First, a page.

Care cart eases life’s challenges for Sonoma Valley High students
(This is the third in a series of stories about the ways in which local schools are benefiting from the Sonoma Valley Education Foundation’s Classroom Grants program.)
The life of a secondary school student can at times be frenzied and a bit overwhelming, so Kim Bellach, a counselor at Sonoma Valley High School’s Wellness Center, decided she wanted to step in and create a care cart filled with hygiene products, snacks, journals and other comfort items.
She was able to get the cart up and running at the school’s Wellness Center in October, thanks to a $1,000 Classroom Grant from the Sonoma Valley Education Foundation.
“When students come to the Wellness Center for support or a break, our hope is to always have food and supplies available for them,” Bellach wrote in applying for the grant. “For this reason, we are requesting snacks, as well as tea for our students. We are also hoping for journals to give to students so they have something to take with them with they leave the Wellness Center.”
The cart has become a welcome resource for students at the high school.
“I notice that kids have been taking advantage of the cart and are getting the things they need,” said junior Valeria Lorenzana. “I know it’s kind of hard to take care of yourself at times, especially if you are a student who is overwhelmed. It’s nice to be reminded that you need to take care of yourself, take care of your health and feed yourself. Sometimes, kids actually forget to eat, and to prioritize themselves. So, the cart and the supplies are little reminders that it’s OK to take time to take care of yourself.”
The cart contains soap, toothbrushes, toothpastes, deodorants, combs, brushes, tampons, mini lotion tubes, throw pillows, fidget toys, drawing and writing journals, tea, disposable cups, as well as snack-size Cheez-Its, granola bars and popcorn, among other things.
Junior Emily Galindo makes good use of the drawing and writing journals.
“I mostly journal, doodle or draw — that’s a great way of coping,” she said. “I see students working with the fidgets and comforting themselves with the pillows. We’re very grateful for the cart, because it also has things like ChapSticks and deodorants — supportive hygiene. I see students using the cart in a good, not a wasteful way. They also tell others about it.”
Sophomore Lesly Celiseo is thankful for the self-care products.
“I use the lotion a lot because it’s really nice lotion,” she said. “I also use the toothbrushes, toothpaste and lip balm a lot because I sometimes don’t come prepared to school. I use the cart all the time; I know where everything is and where I can grab it. I usually grab not one, but two or three items, to help out my friends. I think the cart is really useful for other students, too.”
Camille Garcia, a school district social worker who serves the center, says that she has heard plenty of other students express gratitude for the care cart.
“Students have come in and looked at the cart and said, ‘These are free?’” she said. “When we tell them ‘Yes,’ they are for them to use, they are effusively grateful. Students are appreciative and respectful, and only take what they need.”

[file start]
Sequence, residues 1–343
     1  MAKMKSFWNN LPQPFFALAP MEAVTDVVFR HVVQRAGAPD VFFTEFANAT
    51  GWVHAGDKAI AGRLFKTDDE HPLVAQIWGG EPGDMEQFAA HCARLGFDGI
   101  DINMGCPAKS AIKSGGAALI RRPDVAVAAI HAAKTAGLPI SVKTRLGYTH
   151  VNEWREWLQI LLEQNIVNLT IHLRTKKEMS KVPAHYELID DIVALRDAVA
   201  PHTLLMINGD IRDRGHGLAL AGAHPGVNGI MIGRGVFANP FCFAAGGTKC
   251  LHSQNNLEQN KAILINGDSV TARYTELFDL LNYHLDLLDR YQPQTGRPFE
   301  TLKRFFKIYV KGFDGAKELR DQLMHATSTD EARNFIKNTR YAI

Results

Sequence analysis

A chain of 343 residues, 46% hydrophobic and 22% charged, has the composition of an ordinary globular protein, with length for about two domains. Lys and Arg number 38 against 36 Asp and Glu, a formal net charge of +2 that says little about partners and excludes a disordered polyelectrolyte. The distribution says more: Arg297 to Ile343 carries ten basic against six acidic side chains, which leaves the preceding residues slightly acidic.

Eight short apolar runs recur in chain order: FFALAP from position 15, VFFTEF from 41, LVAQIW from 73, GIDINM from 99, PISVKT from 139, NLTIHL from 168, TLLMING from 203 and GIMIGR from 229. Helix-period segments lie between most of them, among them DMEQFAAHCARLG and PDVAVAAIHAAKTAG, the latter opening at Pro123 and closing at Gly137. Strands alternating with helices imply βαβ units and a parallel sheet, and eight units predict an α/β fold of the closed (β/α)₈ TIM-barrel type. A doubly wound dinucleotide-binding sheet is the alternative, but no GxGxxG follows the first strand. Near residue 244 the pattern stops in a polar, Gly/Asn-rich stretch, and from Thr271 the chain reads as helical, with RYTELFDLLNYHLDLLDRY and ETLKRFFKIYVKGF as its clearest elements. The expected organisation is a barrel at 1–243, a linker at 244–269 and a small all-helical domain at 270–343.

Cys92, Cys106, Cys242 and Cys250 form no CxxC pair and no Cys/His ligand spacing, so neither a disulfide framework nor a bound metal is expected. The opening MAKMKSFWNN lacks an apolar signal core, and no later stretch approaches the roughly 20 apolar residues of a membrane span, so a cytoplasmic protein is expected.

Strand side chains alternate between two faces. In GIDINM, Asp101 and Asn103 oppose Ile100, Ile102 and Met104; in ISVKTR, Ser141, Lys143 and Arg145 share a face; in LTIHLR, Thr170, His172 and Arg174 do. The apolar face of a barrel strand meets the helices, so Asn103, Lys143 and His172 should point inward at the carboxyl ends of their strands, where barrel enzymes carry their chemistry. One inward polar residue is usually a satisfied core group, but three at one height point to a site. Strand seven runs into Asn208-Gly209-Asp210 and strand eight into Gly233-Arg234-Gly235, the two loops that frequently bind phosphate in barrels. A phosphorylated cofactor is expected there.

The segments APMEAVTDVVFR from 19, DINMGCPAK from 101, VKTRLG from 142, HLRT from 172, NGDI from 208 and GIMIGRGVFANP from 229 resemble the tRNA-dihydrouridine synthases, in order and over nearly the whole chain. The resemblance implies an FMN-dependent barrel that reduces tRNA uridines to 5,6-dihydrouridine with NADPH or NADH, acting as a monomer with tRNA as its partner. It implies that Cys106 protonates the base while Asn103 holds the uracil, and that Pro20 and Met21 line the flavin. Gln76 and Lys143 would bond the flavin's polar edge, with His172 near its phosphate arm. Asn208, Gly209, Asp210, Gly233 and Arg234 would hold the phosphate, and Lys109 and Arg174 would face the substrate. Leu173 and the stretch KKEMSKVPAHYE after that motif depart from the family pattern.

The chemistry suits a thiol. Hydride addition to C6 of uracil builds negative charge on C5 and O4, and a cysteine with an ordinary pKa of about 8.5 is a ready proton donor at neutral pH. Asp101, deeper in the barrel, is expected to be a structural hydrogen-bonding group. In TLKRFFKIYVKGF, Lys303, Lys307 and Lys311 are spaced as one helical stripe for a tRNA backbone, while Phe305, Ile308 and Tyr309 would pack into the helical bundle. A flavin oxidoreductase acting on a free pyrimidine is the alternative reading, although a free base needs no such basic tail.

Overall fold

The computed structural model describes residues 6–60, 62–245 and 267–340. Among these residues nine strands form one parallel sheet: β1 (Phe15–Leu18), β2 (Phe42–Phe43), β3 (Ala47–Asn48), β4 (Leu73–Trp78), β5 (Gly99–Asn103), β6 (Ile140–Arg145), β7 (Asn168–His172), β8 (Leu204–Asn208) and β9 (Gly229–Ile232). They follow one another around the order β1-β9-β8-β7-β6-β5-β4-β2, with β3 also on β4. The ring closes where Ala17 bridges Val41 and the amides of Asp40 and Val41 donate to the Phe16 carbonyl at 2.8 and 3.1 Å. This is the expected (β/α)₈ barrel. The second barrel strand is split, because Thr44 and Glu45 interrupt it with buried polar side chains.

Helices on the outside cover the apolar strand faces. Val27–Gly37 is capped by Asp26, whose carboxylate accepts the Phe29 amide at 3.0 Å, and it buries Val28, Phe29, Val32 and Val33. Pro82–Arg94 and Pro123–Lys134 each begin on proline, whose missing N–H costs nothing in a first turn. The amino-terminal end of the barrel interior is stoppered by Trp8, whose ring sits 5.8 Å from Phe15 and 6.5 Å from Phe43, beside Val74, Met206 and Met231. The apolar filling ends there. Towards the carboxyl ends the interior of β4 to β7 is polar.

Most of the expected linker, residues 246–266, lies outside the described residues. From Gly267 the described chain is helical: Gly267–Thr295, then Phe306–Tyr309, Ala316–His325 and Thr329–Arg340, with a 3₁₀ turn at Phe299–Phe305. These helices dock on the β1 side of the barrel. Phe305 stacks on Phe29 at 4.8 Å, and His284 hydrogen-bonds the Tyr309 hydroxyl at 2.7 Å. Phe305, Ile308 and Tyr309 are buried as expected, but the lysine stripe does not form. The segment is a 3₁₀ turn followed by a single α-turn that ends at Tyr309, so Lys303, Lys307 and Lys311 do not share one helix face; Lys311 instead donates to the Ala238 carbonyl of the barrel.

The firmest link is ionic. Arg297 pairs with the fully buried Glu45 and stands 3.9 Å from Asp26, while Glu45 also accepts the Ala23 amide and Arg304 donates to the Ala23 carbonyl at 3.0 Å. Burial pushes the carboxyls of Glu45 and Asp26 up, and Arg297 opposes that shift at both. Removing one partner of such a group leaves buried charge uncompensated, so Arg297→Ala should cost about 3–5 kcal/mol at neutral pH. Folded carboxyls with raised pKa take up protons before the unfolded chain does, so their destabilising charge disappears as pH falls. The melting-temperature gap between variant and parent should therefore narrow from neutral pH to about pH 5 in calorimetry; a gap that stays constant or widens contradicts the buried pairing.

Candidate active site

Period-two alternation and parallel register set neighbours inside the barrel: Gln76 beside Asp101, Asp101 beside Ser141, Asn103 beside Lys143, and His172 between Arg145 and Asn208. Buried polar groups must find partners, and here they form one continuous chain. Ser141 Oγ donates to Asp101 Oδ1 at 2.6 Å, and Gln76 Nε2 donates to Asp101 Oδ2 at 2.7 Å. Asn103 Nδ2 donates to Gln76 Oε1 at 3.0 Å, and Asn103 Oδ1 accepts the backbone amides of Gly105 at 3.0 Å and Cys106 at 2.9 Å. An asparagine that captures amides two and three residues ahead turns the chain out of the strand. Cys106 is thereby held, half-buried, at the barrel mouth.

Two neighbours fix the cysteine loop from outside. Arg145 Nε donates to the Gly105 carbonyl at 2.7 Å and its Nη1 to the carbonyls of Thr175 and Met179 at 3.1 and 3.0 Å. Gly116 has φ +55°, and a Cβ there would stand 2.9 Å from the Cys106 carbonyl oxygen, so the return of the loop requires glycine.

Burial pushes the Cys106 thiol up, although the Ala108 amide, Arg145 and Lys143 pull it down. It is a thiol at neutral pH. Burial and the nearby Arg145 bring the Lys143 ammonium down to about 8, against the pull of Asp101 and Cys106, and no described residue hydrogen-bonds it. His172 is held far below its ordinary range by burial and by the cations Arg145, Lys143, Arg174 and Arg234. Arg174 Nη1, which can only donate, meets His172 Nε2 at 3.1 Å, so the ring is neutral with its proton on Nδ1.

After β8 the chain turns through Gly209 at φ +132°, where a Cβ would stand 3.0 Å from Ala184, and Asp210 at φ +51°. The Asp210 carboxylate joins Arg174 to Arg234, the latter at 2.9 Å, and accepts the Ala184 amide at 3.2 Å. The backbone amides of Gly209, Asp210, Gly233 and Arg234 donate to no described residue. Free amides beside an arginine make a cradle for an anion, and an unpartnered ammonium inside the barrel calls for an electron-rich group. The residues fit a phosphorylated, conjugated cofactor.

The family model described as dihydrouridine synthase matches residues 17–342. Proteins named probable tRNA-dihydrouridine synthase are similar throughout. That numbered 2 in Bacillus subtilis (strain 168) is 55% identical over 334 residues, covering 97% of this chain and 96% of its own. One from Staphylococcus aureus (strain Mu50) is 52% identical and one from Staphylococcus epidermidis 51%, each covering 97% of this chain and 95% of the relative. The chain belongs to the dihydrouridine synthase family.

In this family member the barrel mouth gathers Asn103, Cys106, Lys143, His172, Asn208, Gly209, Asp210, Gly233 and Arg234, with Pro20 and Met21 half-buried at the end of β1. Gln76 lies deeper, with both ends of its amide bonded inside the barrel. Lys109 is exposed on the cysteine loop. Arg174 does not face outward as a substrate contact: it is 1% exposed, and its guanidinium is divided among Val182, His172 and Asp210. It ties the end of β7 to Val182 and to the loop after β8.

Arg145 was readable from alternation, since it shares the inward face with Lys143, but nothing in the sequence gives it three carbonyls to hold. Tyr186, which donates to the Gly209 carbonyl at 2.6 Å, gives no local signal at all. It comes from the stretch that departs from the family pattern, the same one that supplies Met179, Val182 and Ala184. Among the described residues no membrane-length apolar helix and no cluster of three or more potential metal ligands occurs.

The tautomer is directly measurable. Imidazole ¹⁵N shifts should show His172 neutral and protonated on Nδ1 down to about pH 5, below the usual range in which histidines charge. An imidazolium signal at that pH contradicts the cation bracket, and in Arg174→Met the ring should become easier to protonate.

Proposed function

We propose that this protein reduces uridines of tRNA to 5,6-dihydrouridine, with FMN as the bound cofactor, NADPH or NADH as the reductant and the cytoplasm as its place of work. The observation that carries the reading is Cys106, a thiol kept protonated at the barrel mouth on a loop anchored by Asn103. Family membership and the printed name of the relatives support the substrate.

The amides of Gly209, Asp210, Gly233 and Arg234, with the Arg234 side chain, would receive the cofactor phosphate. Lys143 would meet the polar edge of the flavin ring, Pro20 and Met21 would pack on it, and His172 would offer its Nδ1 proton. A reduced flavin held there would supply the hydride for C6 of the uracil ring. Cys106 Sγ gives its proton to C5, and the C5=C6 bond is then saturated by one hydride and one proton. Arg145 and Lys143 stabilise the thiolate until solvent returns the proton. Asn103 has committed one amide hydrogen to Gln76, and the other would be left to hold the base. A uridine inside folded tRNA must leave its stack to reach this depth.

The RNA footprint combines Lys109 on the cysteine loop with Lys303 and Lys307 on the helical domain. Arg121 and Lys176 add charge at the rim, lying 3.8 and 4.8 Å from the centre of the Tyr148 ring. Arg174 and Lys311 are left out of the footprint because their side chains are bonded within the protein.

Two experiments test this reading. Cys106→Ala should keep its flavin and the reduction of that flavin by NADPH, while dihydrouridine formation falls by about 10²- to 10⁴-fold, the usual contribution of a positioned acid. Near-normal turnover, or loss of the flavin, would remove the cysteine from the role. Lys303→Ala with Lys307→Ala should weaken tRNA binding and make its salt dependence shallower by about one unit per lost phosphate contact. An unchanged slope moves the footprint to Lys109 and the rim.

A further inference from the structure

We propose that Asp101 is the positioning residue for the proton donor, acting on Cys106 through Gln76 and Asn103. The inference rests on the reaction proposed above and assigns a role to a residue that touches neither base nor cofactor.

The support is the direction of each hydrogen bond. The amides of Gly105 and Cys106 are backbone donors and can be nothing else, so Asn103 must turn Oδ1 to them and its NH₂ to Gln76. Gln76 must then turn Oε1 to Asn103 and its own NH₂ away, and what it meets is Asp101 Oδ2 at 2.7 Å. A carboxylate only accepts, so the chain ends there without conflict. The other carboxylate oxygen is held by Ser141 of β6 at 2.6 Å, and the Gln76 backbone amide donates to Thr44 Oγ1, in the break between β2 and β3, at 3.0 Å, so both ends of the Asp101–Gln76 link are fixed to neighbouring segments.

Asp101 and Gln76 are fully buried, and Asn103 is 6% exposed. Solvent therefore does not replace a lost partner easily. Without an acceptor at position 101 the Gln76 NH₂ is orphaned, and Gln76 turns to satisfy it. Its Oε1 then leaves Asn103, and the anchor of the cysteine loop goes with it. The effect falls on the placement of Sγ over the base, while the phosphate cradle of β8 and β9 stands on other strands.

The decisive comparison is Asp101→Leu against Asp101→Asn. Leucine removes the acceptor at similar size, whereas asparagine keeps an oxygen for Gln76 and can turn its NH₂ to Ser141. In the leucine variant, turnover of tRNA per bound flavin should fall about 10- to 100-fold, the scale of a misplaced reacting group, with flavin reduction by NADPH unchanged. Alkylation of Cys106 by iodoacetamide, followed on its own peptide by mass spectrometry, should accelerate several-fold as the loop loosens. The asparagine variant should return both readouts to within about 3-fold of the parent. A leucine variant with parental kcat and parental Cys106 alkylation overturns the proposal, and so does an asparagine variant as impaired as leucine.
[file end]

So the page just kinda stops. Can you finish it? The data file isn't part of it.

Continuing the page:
Bellach emphasizes that the care cart is available to all Sonoma Valley High School students — not just those who seek professional help at the Wellness Center.
“The Wellness Center is open to all students before school, during break and lunch, and throughout the day for drop-in brain breaks,” she said. “Students do not need to fill out a Wellness Self Referral form or receive therapy through the Wellness Center to access the care cart.”
The grant for the care cart was awarded by the Classroom Grants program through the DonorsChoose online platform, which was implemented by the Sonoma Valley Education Foundation in early 2022 to simplify the grant application process.
“When a teacher posts a project request to the site, we are automatically able to view all active projects in Sonoma Valley through a simple search,” Chadwin said. “This allows us to fund projects on a rolling (monthly) basis. An added bonus is that other donors worldwide can fund projects. Sometimes, our staff will see a project posted on DonorsChoose, but outside donors fund it before we can approve it. That allows the teacher to post another project for us to fund.”
The Wellness Center is funded by a $3.75 million Supportive, Achievement-based and Flexible Environments (SAFE) Sonoma grant, which the U.S. Department of Education awarded to the district in 2019. It’s a five-year grant, providing $750,000 per year, beginning with the 2019-20 academic year and ending in 2023-24. SAFE Schools grants stipulate some specific targets that must be realized each year.
Regarding future funding for the care cart, Bellach says that the SAFE grant has a budget for Wellness Center supplies.
“We also rely heavily on donations for care cart supplies, as well as snacks and tea for the Wellness Center,” she said.
Also serving Creekside High School students, the Wellness Center has four clinicians who provide brief intervention in individual and group settings five days per week. The center offers students mental health services and a safe place to practice coping, regulation and self-care skills as well as opportunities to talk to a trusted adult and connect to off-campus services and resources.
“The Wellness Center provides another safe place for students to seek support on campus,” Bellach said. “Before it opened, the main space for students to go if they needed a break from class was the front office, which is not always an appropriate place for students needing to self-regulate when they are having a difficult time.”
Bellach notes that the Wellness Center’s clinicians see approximately 42 students for one-to-one therapy at any given time and run school counseling groups on campus.
Reach the reporter, Dan Johnson, at email@example.com.